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Appalled drivers watch as pooch beaten like a dog
The word about a low-life Cowichanian who assaulted a Boston Terrier in front of bystanders is spreading like wildfire on Cowichan's social media pages.
"We’ve had 22,000 page visits and 345 shares. I’m absolutely gob-smacked," said Chris Davies Tuesday after a Facebook post he created telling the nasty and violent story he and wife Leigh witnessed Sunday afternoon.
"We were witnesses today to the shocking, horrifically emotional abuse of a lovely little Boston Terrier," Davies, owner of Mid-Island Ink Depot, said on the post.
The couple was driving on Cowichan Lake Road when they spotted the dog stepping with caution onto the road at the Gerz Road turnoff, he explained. They slowed and pulled over, flashing their lights to warn oncoming traffic to stop. That's when the situation turned ugly.
"We saw a 20-something thug coming down Gerz Road, obviously the owner of (the dog) shouting... (The dog) was cowering now and sat down in the middle of the road."
According to Davies, the "thug" then pinned the terrier by the neck to the road and punched him three times in the head. And that's not all.
"He then picks him up by the scruff and flings him over the road and into the ditch," said Davies.
Davies as well as another bystander addressed the man and heated words were exchanged, including what Davies said was a nasty threat by the man to his wife, Leigh, when she said she was going to call 9-11.
"He said, 'I’ll f---ing kill you if you dial 9-11," said Davies.
Now back in their vehicle, Chris and Leigh, who had also called police by then, followed the man to the house he came from at 4400 Inwood Creek Road. They pointed the house out to police officers.
North Cowichan/Duncan Cpl. Jon Stuart confirmed the incident is under investigation.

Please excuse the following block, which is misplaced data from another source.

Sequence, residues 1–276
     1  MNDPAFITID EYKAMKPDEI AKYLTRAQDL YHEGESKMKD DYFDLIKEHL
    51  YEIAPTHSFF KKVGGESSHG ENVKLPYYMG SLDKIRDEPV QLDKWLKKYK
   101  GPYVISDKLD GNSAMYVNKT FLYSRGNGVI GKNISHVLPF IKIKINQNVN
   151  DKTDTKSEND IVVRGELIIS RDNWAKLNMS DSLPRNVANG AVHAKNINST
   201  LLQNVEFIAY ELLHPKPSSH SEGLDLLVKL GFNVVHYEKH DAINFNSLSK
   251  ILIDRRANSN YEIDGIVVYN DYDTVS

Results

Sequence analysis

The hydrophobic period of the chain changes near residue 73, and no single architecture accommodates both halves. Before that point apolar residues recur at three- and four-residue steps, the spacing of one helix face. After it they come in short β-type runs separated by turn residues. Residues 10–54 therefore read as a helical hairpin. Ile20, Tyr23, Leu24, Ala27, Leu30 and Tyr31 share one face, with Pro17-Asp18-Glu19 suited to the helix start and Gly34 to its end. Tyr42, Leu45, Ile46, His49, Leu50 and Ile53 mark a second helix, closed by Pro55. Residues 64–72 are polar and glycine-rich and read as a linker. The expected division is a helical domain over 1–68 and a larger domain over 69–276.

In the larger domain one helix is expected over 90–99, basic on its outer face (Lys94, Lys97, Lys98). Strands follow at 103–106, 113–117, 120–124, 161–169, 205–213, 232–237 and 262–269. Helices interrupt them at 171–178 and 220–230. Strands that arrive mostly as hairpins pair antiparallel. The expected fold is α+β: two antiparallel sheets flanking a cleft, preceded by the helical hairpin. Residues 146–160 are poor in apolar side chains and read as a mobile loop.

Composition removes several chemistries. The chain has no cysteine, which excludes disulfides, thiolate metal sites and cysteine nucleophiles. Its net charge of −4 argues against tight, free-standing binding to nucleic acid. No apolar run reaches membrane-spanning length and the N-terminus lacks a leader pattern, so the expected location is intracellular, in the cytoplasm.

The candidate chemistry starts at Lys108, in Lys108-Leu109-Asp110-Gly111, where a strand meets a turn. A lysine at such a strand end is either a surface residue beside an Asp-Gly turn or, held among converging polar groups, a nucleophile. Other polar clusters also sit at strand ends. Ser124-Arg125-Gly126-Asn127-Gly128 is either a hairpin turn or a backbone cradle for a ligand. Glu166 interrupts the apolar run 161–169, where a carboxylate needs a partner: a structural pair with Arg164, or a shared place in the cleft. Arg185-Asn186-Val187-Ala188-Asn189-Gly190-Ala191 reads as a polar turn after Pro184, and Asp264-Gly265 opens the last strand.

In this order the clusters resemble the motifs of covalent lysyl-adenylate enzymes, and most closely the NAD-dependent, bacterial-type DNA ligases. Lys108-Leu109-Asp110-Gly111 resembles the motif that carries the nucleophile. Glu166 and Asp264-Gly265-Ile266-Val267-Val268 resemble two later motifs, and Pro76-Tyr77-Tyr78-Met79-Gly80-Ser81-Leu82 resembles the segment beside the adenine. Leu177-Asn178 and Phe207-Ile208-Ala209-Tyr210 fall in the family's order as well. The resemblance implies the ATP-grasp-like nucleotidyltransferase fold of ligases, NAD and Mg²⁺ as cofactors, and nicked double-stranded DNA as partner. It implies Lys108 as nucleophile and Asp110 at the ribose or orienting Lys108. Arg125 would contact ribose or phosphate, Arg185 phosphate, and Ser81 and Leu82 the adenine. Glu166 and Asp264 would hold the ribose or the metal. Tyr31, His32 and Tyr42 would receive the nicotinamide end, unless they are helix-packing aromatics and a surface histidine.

"The police have located and spoken to the male, and checked out the dog to ensure no visible injury," said Stuart. "This matter and all relevant information, has been referred to the SPCA for their subsequent investigation and follow up, as they are the lead agency in these sort of files."
Manager of Cruelty Investigations with the BC SPCA Shawn Eccles has also heard about the complaint and confirmed an investigation was launched yesterday. But unfortunately, the process isn't cut and dry.
Actions, which can include the Prevention of Cruelty to Animals Act and Criminal Code, depend on details, evidence, witness statements, the owner's criminal record, cruelty record, if any, and the police report, said Eccles.
"At the very least, we'll be issuing an order," he said, which includes constables working with animal guardians to educate them on animal protection laws and proper care required for their animal. "And with that we're also creating a record."
The fact of the matter is, "If you’re at the point when you want to hit your dog, maybe you shouldn’t have one," said Eccles.
For dog lovers Chris and Leigh, they're looking to "name and shame this thug," but more importantly make sure due discipline is taken and assurance the dog is safe.
"Right now we're in the dark. Is that dog alive? Is it still with the owner? This is what is so upsetting to a lot of people," he said Tuesday.
Responses to their Facebook story have included several folks willing to adopt the pooch and make donations to the SPCA if the dog is seized.